Arch. Myriam B. Mahiques Curriculum Vitae

Tuesday, February 19, 2013

The beauty of ethereal structures

Let us remember some definitions of "ethereal:"

Of or relating to the regions beyond the earth
celestial, heavenly c : unworldly, spiritual
lacking material substance : immaterial, intangible
 marked by unusual delicacy or refinement
suggesting the heavens or heaven 
Characterized by lightness and insubstantiality; 
intangible, airy
Of the celestial spheres; heavenly. 
Not of this world; spiritual. 
Chemistry: Of or relating to ether. 
light, intangible
Existing in the air; resembling air; looking blue like the sky; aerial: as, “ethereal mountains,”  Pertaining to the hypothetical upper, purer air, or to the higher regions beyond the earth or beyond the atmosphere; 
celestial; otherworldly; as, ethereal space; ethereal regions. 
tenuous; spiritlike 
characterized by extreme delicacy, as form, manner, thought, etc.

It seems to me that after some years of a continuous fashion of organicism in architecture, not the one emulating Wright´s forms, but the literal shapes of the animals and plants, there´s a movement in architecture that´s more spiritual, sustained by the lightness of materials and as a revival of the Asian beauties. The metaphor of ¨ethereal¨ in all its references, is always present.
I´ve compiled these examples from the last weeks, and there´s more to come. Enjoy.

Cantonese Opera. Bamboo structure designed by architect William Li. Photograph: Philippe Lopez/AFP/Getty Images

Cantonese opera is one of the major categories in Chinese opera, originating in southern China's Cantonese culture. It is popular in Guangdong, Guangxi, Hong Kong, Macau, Singapore and Malaysia. Like all versions of Chinese opera, it is a traditional Chinese art form, involving music, singing, martial arts, acrobatics, and acting.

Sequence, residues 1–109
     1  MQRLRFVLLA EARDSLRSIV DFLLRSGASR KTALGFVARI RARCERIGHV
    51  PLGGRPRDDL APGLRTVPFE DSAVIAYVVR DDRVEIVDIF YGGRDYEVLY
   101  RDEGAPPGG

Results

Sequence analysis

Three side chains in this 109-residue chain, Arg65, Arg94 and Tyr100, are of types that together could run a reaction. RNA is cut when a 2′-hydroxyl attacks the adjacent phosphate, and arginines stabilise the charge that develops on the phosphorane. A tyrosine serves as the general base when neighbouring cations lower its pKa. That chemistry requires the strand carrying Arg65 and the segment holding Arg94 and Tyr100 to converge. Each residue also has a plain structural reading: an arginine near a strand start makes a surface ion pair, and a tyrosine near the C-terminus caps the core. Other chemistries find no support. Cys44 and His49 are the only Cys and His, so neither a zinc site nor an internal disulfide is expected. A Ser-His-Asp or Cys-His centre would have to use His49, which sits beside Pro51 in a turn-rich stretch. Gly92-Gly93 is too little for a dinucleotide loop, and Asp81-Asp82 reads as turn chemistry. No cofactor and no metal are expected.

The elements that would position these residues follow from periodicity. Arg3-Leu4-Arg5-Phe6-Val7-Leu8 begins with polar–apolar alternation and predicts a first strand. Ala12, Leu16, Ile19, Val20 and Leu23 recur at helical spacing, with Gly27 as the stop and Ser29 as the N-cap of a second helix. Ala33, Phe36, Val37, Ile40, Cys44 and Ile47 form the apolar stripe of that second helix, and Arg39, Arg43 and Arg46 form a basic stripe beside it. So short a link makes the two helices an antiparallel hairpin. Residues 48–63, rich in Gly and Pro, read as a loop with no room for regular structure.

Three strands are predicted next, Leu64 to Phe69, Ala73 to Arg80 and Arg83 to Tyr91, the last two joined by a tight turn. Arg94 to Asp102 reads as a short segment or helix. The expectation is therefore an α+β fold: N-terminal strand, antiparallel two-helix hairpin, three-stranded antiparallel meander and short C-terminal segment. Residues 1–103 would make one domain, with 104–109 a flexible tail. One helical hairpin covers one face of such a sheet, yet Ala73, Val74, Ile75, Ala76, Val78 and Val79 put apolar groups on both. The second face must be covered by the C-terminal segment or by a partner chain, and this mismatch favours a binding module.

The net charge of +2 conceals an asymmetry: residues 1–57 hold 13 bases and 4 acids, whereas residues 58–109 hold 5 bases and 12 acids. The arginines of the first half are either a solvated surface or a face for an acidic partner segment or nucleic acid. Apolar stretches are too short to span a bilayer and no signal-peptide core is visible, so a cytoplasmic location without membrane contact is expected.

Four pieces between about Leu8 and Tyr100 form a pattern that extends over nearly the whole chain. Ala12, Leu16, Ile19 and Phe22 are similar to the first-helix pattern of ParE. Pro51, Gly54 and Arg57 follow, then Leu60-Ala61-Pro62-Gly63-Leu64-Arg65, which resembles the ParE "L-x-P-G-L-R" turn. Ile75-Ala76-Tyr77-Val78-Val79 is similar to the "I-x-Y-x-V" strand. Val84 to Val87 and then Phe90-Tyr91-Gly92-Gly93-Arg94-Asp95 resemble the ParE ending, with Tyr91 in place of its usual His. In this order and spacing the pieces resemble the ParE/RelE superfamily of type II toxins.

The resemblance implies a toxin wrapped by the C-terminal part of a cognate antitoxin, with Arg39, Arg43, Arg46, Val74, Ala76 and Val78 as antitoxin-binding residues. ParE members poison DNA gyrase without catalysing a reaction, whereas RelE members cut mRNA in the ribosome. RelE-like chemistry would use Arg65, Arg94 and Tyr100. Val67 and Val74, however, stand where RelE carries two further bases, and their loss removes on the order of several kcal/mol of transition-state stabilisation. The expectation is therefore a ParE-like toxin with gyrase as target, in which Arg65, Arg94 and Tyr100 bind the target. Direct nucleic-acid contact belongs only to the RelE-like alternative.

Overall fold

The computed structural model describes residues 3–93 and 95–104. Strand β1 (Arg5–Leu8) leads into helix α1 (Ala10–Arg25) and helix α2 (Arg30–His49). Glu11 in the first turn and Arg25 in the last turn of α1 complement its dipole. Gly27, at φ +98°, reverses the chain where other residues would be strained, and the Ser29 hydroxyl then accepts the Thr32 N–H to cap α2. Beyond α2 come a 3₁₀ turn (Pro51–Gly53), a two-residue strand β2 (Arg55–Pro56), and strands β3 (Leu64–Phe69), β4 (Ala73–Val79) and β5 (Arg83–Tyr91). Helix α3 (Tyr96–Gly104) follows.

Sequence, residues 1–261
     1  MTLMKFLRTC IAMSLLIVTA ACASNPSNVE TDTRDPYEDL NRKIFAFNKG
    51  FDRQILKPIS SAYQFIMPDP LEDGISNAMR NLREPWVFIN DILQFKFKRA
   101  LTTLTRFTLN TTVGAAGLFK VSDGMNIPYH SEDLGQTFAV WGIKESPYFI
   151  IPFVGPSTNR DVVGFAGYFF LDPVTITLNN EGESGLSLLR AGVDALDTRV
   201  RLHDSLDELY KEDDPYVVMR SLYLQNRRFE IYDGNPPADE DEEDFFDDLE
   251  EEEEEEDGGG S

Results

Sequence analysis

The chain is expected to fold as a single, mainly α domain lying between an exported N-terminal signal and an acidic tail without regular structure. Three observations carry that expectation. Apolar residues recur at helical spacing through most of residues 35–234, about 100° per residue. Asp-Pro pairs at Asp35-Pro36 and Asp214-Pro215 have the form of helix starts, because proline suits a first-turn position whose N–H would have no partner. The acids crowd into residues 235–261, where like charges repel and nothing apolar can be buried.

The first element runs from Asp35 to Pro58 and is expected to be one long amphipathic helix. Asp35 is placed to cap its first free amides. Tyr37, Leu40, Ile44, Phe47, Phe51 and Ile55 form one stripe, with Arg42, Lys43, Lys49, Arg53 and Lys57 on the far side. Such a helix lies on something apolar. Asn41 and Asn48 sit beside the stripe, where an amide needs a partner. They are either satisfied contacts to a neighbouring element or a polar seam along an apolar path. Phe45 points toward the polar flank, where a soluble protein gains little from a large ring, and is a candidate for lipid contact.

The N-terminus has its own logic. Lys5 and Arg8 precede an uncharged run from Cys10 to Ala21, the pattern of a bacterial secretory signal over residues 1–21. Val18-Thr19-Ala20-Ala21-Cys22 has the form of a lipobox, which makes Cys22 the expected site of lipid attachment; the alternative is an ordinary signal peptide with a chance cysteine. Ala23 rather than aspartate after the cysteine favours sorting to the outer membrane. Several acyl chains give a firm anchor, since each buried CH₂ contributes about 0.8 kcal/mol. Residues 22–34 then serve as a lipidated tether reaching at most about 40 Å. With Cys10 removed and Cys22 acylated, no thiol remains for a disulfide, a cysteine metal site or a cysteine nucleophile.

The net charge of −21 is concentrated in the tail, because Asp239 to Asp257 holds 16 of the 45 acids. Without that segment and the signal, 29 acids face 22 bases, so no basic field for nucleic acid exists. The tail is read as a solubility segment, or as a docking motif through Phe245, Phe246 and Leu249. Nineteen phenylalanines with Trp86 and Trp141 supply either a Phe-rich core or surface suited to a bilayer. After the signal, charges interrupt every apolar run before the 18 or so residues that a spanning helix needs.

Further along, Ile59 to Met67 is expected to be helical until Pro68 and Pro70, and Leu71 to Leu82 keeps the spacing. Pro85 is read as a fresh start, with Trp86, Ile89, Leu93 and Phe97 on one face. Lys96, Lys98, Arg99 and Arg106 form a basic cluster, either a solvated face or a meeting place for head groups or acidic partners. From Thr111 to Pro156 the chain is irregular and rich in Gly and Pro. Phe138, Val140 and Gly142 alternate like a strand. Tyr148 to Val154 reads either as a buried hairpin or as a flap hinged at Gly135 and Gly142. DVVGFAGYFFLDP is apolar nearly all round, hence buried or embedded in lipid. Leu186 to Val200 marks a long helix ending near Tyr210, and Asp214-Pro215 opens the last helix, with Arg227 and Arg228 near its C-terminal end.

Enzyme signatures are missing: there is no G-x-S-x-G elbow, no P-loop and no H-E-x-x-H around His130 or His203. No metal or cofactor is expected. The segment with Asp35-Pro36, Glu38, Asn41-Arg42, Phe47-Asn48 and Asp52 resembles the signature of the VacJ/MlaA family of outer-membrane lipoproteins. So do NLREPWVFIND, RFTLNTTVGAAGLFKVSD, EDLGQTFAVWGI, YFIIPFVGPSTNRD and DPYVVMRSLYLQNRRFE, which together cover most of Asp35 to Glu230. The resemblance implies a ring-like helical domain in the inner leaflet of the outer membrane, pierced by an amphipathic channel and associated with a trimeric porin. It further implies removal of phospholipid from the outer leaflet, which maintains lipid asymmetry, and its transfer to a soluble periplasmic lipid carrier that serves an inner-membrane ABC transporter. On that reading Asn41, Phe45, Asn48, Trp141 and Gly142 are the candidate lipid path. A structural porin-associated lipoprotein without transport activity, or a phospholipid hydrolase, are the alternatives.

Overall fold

London architecture collective Softkill Design has joined the race to build the world's first 3D printed house, announcing plans for a plastic dwelling that could be built off-site in three weeks and assembled in a single day.
The single-storey Protohouse 2.0 will be eight metres wide and four metres long and will be printed in sections in a factory. The parts will be small enough to be transported in vans and then snapped together on site.

Japanese architect Sou Fujimoto has been named as the designer of this year's Serpentine Gallery Pavilion, which will be a cloud-like structure made from a lattice of steel poles.
The semi-transparent pavilion will occupy 350 square-metres of lawn outside the London gallery. Two entrances will lead inside the structure, where staggered terraces will provide seating for a central cafe.
Sou Fujimoto describes his design as "an architectural landscape" where "the vivid greenery of the surrounding plant life [is] woven together with a constructed geometry".

Stockholm 2013: talks at last week's Stockholm Furniture Fair were held beneath an installation of 11,000 patterned paper sheets by Swedish architect Gert Wingårdh and Finnish artist Kustaa Saksi.
Wingårdh and Saksi staggered the pieces of paper up from the corners of the rectangular area to create a dome accessed by an arch on each side.
Steilneset memorial. By Peter Zumthor

Architect Peter Zumthor designed this memorial on an island in Norway to commemorate suspected witches who were burned at the stake there in the seventeenth century. Via dezeen magazine. 

This disappearing Church - one of the 14 winners of the "Building of the Year Awards" for 2012. See them all at

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